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  • Patrick Dylan

“Life is Hard, Real Hard”

Ted Lasso depicts mental illness in a realistic light


Last month, I reviewed the frightening portrayal of psychosis in this summer’s most popular TV show, Stranger Things. Unfortunately, way too much of this unrealistic, stigma-reinforcing content has flooded our media over the years. But Ted Lasso proved that successful franchises can be built by treating mental illness for what it is—difficult and personal and affecting us all.

“Heaven knows I've tried." -- Marcus Mumford and Tom Howe

People watching the show immediately fall in love with Jason Sudeikis’ main character. Ted is cheerful, positive, and kind to everyone. Throughout the first season, we accompany him as he moves from Kansas to London to begin coaching soccer, a sport he doesn’t know anything about. Nothing seems to faze him—nasty fans, critical reporters, difficult players, even an owner secretly scheming for him to fail. However, we realize that something is wrong underneath the happy surface when Ted suffers a panic attack, seemingly provoked by his impending divorce.


But like most everyone, he hides his pain away, hoping that others won’t notice. And few do, so the audience is left with the mistaken belief that his dissolving marriage is to blame for Ted’s anxiety. However, the panic attacks continue into the second season where we meet new team therapist, Dr. Sharon Fieldstone. With her help, the audience slowly begins to appreciate the ghosts that haunt Ted. As it turns out, his father died of suicide when Ted was only 16, and he has never dealt with the poignant fallout from the ordeal.


And he doesn’t want to. From the outset, we witness the always affable Ted offend Dr. Fieldstone at every turn. He resists the idea of hiring her, and then, after she starts, he handles her with a level of disdain and disrespect out of place for his character. Unfortunately, many people treat “shrinks” in this same manner, questioning their worth and ridiculing their profession. Dr. Fieldstone weathers his jabs like an experienced fighter, waiting patiently for him to open up. When he finally does, the scene plays true to anyone who has gone through therapy. Ted starts down the difficult path of processing his past trauma.


“Well, I could have a nervous breakdown, but I don't believe in shrinks." -- John Mellencamp

Admirably, the show doesn’t end on the uplifting note, with patient and caregiver celebrating their emotional breakthrough. Instead, it ratchets up the reality, this time highlighting the stigma that accompanies any mental health condition. Someone leaks that the head coach is suffering recurring panic attacks, and suddenly Ted’s entire credibility is thrown into question. TV pundits call him “not fit to coach” and argue that the team needs a “captain whose brain works.” People had questioned his experience before, but now they come after his competence and character.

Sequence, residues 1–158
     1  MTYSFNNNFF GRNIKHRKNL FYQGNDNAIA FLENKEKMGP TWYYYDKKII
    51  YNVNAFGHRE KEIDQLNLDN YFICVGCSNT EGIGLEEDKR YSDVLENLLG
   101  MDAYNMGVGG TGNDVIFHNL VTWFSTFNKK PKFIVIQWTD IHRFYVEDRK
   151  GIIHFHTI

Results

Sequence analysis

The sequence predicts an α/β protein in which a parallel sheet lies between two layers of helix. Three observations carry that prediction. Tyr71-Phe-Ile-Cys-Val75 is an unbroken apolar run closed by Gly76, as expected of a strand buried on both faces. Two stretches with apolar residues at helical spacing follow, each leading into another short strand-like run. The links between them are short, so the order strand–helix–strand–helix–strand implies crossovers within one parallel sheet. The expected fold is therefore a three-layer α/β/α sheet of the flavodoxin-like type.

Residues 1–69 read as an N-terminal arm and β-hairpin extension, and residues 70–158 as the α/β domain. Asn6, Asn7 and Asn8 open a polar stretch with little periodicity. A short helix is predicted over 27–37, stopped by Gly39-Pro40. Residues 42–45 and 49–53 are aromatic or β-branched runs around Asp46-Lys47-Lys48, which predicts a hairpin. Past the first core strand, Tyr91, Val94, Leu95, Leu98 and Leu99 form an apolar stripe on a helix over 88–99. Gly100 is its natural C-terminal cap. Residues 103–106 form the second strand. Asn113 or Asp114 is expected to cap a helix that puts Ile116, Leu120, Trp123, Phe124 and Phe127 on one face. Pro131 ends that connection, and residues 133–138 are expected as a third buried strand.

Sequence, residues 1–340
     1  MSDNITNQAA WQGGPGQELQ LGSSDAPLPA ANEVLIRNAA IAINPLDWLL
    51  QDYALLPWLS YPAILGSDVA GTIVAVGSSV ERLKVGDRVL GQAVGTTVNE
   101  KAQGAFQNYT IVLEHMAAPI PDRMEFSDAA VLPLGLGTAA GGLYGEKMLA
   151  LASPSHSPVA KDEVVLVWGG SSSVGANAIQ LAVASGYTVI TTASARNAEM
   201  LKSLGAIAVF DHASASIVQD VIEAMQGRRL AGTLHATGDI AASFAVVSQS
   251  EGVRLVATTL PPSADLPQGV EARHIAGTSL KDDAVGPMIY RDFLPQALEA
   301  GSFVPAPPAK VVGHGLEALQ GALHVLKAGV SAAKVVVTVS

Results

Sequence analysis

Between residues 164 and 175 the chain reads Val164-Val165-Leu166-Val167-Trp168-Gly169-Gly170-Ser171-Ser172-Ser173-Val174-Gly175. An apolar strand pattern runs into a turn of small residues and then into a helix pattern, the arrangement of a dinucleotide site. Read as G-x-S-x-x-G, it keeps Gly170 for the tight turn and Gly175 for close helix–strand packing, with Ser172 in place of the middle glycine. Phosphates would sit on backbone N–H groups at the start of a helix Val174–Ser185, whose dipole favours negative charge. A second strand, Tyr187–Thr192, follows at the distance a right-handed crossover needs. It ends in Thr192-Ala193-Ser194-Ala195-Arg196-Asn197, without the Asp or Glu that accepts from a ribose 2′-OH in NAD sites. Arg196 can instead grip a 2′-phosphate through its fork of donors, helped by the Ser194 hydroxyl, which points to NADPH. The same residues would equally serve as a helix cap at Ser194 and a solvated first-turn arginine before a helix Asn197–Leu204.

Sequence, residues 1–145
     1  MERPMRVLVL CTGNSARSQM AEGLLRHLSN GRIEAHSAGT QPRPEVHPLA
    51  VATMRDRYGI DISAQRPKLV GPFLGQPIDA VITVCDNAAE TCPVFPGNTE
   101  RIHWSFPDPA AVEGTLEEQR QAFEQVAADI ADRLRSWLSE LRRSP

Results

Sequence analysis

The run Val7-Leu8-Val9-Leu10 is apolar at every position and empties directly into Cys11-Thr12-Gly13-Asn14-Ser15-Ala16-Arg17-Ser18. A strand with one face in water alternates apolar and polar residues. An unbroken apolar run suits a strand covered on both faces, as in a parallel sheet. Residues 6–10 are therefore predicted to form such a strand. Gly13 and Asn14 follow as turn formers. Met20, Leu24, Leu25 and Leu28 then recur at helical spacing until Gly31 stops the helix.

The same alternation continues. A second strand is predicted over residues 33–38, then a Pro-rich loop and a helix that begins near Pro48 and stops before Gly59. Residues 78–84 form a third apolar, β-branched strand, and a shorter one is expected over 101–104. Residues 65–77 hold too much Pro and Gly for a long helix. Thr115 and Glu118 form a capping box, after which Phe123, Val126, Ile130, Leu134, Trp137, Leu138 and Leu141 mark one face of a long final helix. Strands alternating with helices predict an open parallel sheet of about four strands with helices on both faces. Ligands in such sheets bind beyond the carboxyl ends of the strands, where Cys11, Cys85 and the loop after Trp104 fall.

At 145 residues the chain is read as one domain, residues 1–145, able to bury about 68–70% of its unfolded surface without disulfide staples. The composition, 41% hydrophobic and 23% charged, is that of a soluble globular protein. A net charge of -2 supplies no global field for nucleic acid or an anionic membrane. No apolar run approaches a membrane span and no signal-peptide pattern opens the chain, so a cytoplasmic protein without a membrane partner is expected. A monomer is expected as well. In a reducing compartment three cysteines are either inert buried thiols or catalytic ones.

Meanwhile, Ted and everyone around him not only anticipate this behavior but accept it. This is especially accurate; we all recognize that society will see us differently if a mental health issue comes to light. So, we hide our troubles away, just like Ted, burying them deep until we can’t function anymore. We do this for a reason—the repercussions of the stigma can do genuine damage. Why risk certain discrimination?


Ironically, however, every single person faces challenges related to brain health. If Ted Lasso were real, each of those other characters would have some mental health issue of their own, and they’d be silently grateful that their secrets hadn’t been revealed. That’s what makes the stigma so frustrating and destructive. We all deal with this, and yet we don’t want to admit it. We’re afraid to talk about it and to ask for help. And the denial makes our challenges that much more difficult.


“And talk about it, talk about it, let's go home and talk about it." -- Dead or Alive

That’s why shows like Ted Lasso are so important. He enters so many homes, befriending all who watch. We like Ted; we root for Ted. We quietly hope that we can act more like him the next day—joyful, friendly, and energetic. So, when Ted admits to suffering inside, it might be okay for us to admit it, too.


Each character like this helps in changing the narrative. Each story that advocates for accepting mental illness with understanding and compassion rather than ridicule and fear moves us forward. We need more of them, so many more of them. When sharing memories of his father’s death, Ted sobs, “Life is hard, real hard.” And it is, but if we’re honest and ask for support, we can live many of our days in happiness. Just like Ted. So, always remember the profound wisdom he shares at the end of season one:


“There is something worse out there than being sad, and that is being alone and being sad."
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